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Nat Rev Gastroenterol Hepatol. 2019 Jun;16(6):346-360. doi: 10.1038/s41575-019-0132-z.

Neonatal cholestasis: emerging molecular diagnostics and potential novel therapeutics.

Author information

1
Pediatric Liver Center, Digestive Health Institute, Children's Hospital Colorado, Section of Pediatric Gastroenterology, Hepatology and Nutrition, University of Colorado School of Medicine, Aurora, CO, USA.
2
Pediatric Liver Center, Digestive Health Institute, Children's Hospital Colorado, Section of Pediatric Gastroenterology, Hepatology and Nutrition, University of Colorado School of Medicine, Aurora, CO, USA. ronald.sokol@childrenscolorado.org.
3
Colorado Clinical and Translational Sciences Institute, University of Colorado Anschutz Medical Campus, Aurora, CO, USA. ronald.sokol@childrenscolorado.org.

Abstract

Neonatal cholestasis is a group of rare disorders of impaired bile flow characterized by conjugated hyperbilirubinaemia in the newborn and young infant. Neonatal cholestasis is never physiological but rather is a sign of hepatobiliary and/or metabolic disorders, some of which might be fatal if not identified and treated rapidly. A step-wise timely evaluation is essential to quickly identify those causes amenable to treatment and to offer accurate prognosis. The aetiology of neonatal cholestasis now includes an expanding group of molecularly defined entities with overlapping clinical presentations. In the past two decades, our understanding of the molecular basis of many of these cholestatic diseases has improved markedly. Simultaneous next-generation sequencing for multiple genes and whole-exome or whole-genome sequencing now enable rapid and affordable molecular diagnosis for many of these disorders that cannot be directly diagnosed from standard blood tests or liver biopsy. Unfortunately, despite these advances, the aetiology and optimal therapeutic approach of the most common of these disorders, biliary atresia, remain unclear. The goals of this Review are to discuss the aetiologies, algorithms for evaluation and current and emerging therapeutic options for neonatal cholestasis.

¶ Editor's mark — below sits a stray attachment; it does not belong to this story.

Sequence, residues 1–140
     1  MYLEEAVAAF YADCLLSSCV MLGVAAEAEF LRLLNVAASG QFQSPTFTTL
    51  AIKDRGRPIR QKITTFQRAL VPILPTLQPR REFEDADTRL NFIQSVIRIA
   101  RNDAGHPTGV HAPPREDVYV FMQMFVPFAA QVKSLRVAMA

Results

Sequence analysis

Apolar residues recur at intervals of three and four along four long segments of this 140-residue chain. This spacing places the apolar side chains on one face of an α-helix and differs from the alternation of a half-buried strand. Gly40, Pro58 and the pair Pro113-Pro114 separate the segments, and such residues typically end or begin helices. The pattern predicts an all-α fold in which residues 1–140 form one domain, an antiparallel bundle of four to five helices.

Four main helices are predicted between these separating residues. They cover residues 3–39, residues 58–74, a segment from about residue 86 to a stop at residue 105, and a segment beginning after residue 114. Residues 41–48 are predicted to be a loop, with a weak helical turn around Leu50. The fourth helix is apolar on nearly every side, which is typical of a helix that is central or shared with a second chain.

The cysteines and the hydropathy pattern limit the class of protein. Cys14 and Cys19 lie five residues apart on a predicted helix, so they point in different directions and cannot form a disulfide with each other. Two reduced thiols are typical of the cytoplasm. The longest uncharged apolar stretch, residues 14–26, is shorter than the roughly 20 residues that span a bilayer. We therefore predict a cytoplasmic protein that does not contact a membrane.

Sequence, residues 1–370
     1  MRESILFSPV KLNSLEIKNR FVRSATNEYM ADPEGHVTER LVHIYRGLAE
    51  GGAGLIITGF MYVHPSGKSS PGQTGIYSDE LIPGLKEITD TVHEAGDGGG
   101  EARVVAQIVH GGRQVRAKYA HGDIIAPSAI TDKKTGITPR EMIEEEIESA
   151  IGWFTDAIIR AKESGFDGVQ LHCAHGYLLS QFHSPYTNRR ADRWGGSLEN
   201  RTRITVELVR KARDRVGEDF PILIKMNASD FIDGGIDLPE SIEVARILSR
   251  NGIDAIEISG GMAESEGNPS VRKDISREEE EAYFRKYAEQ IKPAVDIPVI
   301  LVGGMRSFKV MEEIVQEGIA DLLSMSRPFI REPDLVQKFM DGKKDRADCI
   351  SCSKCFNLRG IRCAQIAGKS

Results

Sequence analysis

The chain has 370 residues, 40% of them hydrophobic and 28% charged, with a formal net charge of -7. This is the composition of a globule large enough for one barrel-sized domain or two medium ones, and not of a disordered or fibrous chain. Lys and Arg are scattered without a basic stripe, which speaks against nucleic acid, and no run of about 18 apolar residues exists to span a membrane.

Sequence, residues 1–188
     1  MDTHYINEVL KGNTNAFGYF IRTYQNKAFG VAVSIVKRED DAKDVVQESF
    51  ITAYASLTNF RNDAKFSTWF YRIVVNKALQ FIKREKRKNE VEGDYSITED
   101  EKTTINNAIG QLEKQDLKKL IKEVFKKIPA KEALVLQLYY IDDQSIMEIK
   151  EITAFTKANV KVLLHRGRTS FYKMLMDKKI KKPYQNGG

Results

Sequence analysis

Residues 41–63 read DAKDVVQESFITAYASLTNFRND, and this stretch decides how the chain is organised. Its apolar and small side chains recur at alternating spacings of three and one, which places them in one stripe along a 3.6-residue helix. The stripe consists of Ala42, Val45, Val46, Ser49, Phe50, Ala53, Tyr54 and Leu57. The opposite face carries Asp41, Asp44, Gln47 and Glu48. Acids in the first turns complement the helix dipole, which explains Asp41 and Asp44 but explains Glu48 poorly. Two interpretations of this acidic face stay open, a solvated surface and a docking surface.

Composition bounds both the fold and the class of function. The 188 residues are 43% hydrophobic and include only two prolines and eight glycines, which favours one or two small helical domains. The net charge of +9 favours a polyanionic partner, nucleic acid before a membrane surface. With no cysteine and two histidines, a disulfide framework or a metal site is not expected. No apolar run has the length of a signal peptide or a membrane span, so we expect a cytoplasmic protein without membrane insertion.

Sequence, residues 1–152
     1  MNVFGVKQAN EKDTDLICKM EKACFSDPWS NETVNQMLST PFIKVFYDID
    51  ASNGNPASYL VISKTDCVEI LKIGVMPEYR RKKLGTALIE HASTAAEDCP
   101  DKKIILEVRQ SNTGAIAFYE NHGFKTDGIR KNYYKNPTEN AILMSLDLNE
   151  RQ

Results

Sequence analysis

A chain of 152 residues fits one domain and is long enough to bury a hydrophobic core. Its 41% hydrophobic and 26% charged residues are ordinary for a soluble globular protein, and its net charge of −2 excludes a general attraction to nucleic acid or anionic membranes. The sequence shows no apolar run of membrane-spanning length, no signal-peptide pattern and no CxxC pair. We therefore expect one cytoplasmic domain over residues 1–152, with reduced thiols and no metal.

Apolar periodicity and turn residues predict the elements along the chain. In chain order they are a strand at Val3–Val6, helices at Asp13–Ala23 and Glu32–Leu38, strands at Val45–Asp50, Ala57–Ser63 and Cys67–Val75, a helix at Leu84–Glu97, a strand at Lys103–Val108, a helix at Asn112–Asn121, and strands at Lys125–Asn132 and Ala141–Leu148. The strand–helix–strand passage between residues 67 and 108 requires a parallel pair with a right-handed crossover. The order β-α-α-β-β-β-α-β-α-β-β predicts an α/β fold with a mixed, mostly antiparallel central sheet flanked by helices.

PMID:
30903105
DOI:
10.1038/s41575-019-0132-z

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